At LinchPinSEO we value supporting fellow professionals in our industry and spreading the love. With that in mind, we have decided to start doing interviews with digital media professionals who are reshaping the lives of their clients in a positive and impactful way.
This week’s interview is a bit different from our previous interviewees. Shauna Stuart is a multimedia journalist who is making a name for herself online through social media and her incredible storytelling instincts. She is vivacious, intelligent and makes sure to add nothing but value to the lives of her followers. A true multimedia journalist, she is a jack of all trades and is taking the time to master many. Let’s get to know, Miss Shauna!
1. What does Miss Shauna Stuart do?
Well, besides blushing when I’m addressed as “Miss”, I’m a freelance multimedia journalist and producer.
2. Where did you go to school and what was your major?
I went to University of Maryland. At UMD, I was in the Philip Merrill College of Journalism, where my major was broadcast journalism. Even though my track was in broadcast news, such as radio and television broadcasting, I learned to do a lot of multimedia reporting or reporting for different platforms.
3. What is a multimedia journalist?
Instead of strictly using one method to create a story, multimedia journalists use a variety of methods such as copy, audio, video, and graphic visualization.
Long story short, a multimedia journalist is a journalist who uses a wide variety of methods to report a story. Since I’ve graduated from college, social media had become far more useful for breaking stories and engaging audiences. In the past year, there has been a surge in journalists learning how to program and code, and is set become a required skill set for journalists in the next 2 or 3 years.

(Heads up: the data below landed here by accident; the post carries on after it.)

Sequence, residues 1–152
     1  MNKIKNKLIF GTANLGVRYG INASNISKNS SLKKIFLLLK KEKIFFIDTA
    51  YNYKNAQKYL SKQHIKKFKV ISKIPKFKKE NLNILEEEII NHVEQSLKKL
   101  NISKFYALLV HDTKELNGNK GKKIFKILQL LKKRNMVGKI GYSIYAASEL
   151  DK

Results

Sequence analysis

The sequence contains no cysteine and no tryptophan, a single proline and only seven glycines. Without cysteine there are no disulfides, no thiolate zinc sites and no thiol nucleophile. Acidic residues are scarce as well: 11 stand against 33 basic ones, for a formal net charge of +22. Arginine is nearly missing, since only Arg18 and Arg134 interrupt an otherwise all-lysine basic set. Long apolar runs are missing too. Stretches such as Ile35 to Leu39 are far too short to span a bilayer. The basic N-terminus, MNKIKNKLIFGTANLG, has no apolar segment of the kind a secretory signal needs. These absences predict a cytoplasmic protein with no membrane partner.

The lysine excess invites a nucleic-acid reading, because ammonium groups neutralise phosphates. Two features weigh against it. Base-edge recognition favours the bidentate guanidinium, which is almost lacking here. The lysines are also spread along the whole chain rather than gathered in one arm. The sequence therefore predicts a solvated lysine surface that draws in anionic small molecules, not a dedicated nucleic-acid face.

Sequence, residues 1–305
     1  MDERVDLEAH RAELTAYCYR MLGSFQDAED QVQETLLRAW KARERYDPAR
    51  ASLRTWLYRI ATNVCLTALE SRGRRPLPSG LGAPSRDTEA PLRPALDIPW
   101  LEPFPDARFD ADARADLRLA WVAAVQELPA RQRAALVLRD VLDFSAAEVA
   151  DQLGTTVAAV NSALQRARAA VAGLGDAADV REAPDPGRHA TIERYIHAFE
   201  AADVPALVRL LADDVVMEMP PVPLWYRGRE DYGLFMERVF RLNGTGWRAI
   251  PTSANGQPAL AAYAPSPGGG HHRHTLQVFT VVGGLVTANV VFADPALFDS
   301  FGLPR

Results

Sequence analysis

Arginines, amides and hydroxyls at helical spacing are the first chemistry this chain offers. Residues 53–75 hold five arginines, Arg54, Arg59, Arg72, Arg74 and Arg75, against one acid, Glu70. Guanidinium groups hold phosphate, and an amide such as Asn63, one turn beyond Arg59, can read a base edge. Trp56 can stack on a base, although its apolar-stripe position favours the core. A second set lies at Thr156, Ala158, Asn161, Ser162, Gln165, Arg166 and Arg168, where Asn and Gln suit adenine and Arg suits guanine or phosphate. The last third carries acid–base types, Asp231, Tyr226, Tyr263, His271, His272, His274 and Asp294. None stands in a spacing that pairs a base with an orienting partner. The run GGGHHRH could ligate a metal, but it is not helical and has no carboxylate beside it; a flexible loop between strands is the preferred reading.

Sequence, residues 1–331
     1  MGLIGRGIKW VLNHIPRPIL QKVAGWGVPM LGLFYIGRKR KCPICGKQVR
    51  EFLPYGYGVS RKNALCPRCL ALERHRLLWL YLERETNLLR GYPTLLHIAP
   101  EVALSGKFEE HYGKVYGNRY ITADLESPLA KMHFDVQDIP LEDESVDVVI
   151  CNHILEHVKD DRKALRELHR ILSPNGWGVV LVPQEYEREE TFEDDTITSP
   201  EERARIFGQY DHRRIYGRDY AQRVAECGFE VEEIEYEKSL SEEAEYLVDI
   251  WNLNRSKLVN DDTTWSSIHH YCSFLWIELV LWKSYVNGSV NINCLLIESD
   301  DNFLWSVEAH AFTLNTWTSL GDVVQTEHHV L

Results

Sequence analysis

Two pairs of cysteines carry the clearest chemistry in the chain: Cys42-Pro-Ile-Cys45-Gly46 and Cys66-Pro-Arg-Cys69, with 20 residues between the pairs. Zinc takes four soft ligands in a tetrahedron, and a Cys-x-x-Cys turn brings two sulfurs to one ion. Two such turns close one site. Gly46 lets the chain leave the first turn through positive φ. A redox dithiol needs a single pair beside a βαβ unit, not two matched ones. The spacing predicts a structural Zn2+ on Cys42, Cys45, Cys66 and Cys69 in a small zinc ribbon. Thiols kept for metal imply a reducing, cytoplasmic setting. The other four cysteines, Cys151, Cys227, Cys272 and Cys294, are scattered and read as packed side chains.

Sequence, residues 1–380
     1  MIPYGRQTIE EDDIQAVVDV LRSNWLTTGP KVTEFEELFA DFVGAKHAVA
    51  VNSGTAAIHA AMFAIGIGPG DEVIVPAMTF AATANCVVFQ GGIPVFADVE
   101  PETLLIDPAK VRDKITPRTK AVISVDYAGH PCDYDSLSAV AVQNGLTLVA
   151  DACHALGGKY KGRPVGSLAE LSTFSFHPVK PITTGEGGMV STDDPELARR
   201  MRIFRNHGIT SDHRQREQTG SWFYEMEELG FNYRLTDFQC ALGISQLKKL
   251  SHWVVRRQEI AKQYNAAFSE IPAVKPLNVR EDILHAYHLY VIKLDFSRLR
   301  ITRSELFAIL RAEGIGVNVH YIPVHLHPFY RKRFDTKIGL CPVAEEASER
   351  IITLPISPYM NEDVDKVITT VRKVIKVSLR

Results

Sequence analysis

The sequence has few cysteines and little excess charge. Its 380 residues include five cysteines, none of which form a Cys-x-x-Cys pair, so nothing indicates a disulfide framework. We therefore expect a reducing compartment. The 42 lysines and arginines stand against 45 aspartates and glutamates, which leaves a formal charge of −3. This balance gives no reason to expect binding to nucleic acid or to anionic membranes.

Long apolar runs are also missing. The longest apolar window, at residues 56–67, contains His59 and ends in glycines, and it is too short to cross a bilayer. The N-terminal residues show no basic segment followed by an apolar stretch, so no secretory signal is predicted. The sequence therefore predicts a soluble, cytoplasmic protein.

4. How do multimedia journalists keep up with all the new required skills?
Since I’m still at the early stages of my career, I’m always learning. One of the easiest ways to figure out new skills to learn/ strengthen is to look at job descriptions that require more years of experience than you currently have. It doesn’t matter if you aren’t applying for the job right now, or if you haven’t been working for 5 years. Job descriptions foreshadow skills needed in the future.
5. How did you start your blog, The Vibrant VJ?
In the field, VJ is short for “video journalist.” I came up with the name as a way to encompass my interests in video, audio, and digital media.
While I like to be fancy and say The Vibrant VJ is my digital alias, it’s really just the name of my blog, and the name I use for a couple of my social media profiles. Think of it as personal branding.
A year ago, I experimented with starting a blog, and got off to a rocky start. I wasn’t producing much content. But as 2012 progressed, I started blogging more once I found a niche and started using social media such as Pinterest and Storify more actively. I started my blog on Posterous, however I had so much trouble with the platform that I ended up rarely blogging, since it was such a hassle. In August, I transferred it to WordPress and have been blogging more actively.
6. When did you find social media?
I was extremely laissez faire about joining social media networks in 2006 when I graduated from high school. I didn’t get a Facebook profile until a week before I went to college. I joined Twitter in 2009 and sent one tweet. I didn’t start actively using it until 2010. My interest in social media really accelerated when I graduated and saw how useful it was for journalists and storytelling. Now I can’t get enough.